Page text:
Since the majority of shyness is a personality trait and not a fault, practice and encouragement can often help children feel more comfortable in social situations. However, Dr. Merikangas’s study found that about five percent of adolescents in the study were severely restricted by social anxiety. If your child has struggled with debilitating social anxiety for months even after you have tried many of the below recommendations, then an evaluation by a child mental-health professional would be helpful. Treatment usually involves cognitive behavioral strategies to help the child cope with anxiety.
Shyness To Self-Confidence Strategies
If your child begins to hide behind your legs, it is not necessary to apologize, especially in front of your child: “I’m sorry. He is a shy child.” Often there are a lot of positives associated with being shy; some ‘shy’ children are cautious and deep-thinking, value certain friendships, and have an inner peace. Labeling your child may give him or her permission to remain introverted and may cause him or her to feel a greater lack of self-esteem. To value your child’s personality, do not apologize for it. Instead, if you must discuss your child’s personality with a teacher or friend, you can say your child is ‘reserved’ instead of ‘shy’ or ‘focused’ instead of ‘quiet.’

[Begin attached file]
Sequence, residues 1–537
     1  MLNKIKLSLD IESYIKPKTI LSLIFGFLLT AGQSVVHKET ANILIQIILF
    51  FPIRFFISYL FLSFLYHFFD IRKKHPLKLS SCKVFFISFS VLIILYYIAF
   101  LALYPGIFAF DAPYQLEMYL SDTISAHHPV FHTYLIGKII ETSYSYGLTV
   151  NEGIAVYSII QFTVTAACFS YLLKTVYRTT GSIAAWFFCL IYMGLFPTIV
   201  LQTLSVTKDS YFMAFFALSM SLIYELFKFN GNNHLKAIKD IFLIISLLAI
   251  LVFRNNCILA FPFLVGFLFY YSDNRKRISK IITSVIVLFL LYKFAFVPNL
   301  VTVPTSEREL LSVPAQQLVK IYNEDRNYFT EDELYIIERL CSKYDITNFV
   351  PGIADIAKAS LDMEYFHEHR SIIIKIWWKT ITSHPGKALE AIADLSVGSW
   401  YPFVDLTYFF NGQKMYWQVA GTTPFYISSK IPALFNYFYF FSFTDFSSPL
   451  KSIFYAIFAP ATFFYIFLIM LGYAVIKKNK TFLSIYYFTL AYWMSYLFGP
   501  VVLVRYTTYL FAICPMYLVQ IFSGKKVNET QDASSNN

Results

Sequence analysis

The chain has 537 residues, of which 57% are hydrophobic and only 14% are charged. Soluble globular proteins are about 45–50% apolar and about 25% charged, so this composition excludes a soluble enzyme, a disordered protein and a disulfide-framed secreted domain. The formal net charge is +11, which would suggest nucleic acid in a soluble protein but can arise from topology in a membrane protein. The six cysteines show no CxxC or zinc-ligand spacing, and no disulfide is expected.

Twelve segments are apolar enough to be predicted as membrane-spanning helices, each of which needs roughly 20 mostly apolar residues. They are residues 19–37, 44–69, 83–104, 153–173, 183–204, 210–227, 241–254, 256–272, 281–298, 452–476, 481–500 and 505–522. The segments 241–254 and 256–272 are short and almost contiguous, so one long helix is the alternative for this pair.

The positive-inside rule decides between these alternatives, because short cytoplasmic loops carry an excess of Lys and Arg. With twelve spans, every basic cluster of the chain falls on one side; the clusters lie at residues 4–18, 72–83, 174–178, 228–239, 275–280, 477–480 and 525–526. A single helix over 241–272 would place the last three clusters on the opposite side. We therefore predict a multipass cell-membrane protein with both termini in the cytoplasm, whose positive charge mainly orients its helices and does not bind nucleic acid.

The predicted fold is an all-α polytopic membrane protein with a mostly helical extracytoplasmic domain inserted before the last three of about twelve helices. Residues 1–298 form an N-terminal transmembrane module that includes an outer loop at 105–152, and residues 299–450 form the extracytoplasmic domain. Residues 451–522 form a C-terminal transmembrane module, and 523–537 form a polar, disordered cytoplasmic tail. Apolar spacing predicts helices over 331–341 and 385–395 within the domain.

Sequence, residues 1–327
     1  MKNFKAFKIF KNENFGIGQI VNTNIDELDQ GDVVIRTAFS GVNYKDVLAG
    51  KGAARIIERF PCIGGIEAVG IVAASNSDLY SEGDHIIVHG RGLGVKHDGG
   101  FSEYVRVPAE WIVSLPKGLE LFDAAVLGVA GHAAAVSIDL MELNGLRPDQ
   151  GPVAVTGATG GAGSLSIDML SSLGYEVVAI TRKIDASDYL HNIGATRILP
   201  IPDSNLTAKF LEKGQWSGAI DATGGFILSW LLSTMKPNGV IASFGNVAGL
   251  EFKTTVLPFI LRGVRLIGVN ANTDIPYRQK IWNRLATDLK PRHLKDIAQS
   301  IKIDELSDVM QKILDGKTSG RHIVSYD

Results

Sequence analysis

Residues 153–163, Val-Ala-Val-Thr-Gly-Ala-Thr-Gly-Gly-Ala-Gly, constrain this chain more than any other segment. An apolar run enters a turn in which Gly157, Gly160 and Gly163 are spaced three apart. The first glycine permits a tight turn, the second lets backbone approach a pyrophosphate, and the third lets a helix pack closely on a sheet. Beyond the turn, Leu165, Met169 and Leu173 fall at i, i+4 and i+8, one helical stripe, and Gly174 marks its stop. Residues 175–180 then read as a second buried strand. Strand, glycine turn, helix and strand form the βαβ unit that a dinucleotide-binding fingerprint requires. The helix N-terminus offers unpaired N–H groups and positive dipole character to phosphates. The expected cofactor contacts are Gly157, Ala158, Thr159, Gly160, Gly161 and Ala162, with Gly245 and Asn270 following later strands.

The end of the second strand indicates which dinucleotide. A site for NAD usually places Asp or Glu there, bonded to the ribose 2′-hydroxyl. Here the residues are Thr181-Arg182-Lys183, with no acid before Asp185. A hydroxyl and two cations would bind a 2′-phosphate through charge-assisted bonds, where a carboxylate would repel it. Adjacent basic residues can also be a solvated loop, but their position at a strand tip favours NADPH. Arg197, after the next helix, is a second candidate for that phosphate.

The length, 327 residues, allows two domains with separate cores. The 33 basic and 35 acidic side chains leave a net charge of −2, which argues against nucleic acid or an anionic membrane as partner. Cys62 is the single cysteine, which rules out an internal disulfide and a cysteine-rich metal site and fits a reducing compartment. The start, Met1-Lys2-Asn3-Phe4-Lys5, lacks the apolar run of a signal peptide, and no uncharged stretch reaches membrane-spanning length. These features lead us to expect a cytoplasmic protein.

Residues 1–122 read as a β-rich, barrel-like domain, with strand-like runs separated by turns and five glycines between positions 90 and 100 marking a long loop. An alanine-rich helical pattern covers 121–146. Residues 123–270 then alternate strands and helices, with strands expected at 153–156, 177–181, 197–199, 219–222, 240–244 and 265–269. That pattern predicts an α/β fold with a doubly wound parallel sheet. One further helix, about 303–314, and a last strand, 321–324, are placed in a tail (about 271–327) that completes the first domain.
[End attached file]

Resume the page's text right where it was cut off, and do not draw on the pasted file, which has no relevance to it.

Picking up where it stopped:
Forming a partnership with your child’s teacher and familiarizing yourself with the curriculum expectations, schedule, and activities in your child’s class are the first steps to being able to help your child. Once you know more about your child’s schooling you can begin to work with the teacher to build inner confidence in your child.
Bring favorites to school.